SQLite version 3.25.0 is a regularly scheduled maintenance release. Two big enhancements in this release:
Support for window functions was added, using the PostgreSQL documentation as the baseline.
The ALTER TABLE command was enhanced to support renaming of columns, and so that column and table renames are propagated into trigger bodies and views.
In addition, there are various performance enhancements and minor fixes.
One bug of note is ticket 9936b2fa443fec which describes a hard-to-reach condition where the ORDER BY LIMIT optimization might cause an infinite loop during query evaluation. This ticket raised a lot of concern on HackerNews and Reddit, probably due to my choice of the ticket title. "Infinite Loop" sounds scary. But I argue that the bug isn't really all that bad in that it is very difficult to reach, will show up during testing (rather than magically appearing after a product is deployed), does not cause any data loss, and does not return an incorrect result. It was an important error, but not nearly as dire as many people interpreted it to be. And, in any event, it is fixed now.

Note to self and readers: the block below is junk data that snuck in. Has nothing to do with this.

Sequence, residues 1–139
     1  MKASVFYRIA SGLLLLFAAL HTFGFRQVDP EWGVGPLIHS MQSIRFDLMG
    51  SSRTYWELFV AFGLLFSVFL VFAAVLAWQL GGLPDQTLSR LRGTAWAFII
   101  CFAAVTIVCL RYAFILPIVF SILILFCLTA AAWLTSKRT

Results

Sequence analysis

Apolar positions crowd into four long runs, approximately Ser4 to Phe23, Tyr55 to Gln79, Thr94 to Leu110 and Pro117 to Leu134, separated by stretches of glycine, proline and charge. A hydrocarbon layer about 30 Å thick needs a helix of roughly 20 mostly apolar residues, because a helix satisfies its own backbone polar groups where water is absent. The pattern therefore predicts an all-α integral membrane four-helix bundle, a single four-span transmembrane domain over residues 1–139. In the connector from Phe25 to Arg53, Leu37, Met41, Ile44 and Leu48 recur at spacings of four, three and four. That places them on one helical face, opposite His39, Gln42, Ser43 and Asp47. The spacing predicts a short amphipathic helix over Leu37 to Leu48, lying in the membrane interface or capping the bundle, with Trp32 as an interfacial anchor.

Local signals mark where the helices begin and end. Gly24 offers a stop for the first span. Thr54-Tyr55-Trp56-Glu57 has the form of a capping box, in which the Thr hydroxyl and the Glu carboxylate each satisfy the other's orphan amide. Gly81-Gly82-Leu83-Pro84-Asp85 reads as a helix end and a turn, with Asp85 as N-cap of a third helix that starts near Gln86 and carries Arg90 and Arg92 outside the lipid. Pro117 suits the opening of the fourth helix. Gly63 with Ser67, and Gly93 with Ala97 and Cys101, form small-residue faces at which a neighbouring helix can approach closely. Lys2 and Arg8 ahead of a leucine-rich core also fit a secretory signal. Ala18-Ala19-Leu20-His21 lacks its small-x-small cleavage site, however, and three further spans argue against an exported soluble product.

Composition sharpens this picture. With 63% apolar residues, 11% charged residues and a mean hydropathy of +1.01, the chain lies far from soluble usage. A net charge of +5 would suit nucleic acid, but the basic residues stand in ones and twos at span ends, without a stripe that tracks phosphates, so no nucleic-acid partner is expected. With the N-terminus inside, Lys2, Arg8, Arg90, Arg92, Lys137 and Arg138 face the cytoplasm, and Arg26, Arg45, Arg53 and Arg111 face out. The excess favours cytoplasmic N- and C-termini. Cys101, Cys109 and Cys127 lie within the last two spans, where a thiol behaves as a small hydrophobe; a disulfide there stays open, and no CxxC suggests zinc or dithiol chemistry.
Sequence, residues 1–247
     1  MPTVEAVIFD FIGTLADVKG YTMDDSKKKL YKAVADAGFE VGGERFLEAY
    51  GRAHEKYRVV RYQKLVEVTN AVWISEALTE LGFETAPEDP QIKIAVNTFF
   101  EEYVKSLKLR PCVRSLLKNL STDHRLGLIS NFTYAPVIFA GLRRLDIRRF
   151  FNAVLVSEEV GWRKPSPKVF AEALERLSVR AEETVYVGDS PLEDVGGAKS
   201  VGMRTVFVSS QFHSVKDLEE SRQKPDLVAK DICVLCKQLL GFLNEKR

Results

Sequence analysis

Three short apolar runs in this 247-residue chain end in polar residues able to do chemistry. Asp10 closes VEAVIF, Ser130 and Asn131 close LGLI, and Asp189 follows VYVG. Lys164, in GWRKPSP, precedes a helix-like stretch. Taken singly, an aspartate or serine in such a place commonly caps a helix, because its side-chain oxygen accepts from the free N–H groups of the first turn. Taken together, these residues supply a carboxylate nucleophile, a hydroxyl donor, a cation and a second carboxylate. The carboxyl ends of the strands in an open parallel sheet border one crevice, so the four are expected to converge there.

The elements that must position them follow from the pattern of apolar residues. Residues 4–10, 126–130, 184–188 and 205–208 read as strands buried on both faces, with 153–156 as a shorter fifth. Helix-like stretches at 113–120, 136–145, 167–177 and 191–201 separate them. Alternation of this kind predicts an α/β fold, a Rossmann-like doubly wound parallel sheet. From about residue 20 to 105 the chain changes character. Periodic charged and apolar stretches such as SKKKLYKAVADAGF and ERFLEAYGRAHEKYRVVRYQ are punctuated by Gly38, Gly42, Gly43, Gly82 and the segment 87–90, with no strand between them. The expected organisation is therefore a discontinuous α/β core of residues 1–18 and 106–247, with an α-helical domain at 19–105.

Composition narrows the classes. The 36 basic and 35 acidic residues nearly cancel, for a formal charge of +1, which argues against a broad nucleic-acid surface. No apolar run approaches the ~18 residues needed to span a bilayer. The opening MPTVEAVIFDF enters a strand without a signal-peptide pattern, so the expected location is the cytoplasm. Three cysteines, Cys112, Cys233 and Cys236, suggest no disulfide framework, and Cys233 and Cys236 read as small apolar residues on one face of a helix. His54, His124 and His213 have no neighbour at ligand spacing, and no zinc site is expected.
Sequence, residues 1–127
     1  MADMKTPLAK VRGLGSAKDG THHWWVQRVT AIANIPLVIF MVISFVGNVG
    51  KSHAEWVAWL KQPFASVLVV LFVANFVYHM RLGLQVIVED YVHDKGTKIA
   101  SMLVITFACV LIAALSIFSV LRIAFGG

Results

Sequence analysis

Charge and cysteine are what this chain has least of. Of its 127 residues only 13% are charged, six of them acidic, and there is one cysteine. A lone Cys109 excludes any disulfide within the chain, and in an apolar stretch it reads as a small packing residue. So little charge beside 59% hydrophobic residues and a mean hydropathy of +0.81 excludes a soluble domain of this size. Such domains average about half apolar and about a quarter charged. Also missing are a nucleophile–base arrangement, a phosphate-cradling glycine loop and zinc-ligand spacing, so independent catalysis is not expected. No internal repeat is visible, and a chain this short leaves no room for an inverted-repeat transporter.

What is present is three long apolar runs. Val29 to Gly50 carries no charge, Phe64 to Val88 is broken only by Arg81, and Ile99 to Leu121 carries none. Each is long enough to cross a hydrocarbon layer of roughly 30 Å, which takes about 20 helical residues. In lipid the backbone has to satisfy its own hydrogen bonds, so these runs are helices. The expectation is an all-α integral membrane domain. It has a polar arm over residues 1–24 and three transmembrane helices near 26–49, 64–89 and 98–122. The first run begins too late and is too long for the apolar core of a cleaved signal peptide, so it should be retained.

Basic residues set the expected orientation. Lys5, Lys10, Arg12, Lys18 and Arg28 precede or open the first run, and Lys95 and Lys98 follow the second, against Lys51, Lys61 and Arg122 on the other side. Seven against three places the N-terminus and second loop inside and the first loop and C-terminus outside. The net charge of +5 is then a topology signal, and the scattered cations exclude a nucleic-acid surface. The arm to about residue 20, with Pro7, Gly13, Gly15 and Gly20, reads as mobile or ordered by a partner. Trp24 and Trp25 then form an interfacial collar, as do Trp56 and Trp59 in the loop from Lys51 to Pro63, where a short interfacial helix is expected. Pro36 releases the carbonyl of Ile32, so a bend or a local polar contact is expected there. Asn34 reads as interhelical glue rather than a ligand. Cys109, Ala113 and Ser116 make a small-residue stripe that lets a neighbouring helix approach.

SQLite version 3.24.0 is a regularly scheduled maintenance release. Highlights of this release include support for PostgreSQL-style UPSERT and improved performance, especially for ORDER BY LIMIT queries.
The version 3.23.1 release fixes a bug in the new LEFT JOIN strength reduction optimization added to version 3.23.0. A few other minor and obscure fixes were also inserted, as well as a small performance optimization. Code changes relative to version 3.23.0 are minimal.
The version 3.23.0 release is a regularly scheduled maintenance release. See the change log for a list of enhancements and bug fixes.
The version 3.22.0 release is a regularly scheduled maintenance release. There are many minor, though interesting, enhancements in this release. See the change log for details.
The version 3.21.0 release is a regularly scheduled maintenance release. There are lots of enhancements in this release. See the change log for details.
The version 3.20.1 patch release changes two lines of code in the sqlite3_result_pointer() interface in order to fix a rare memory leak. There are no other changes relative to version 3.20.0.
SQLite version 3.20.0 is a regularly scheduled maintenance release of SQLite.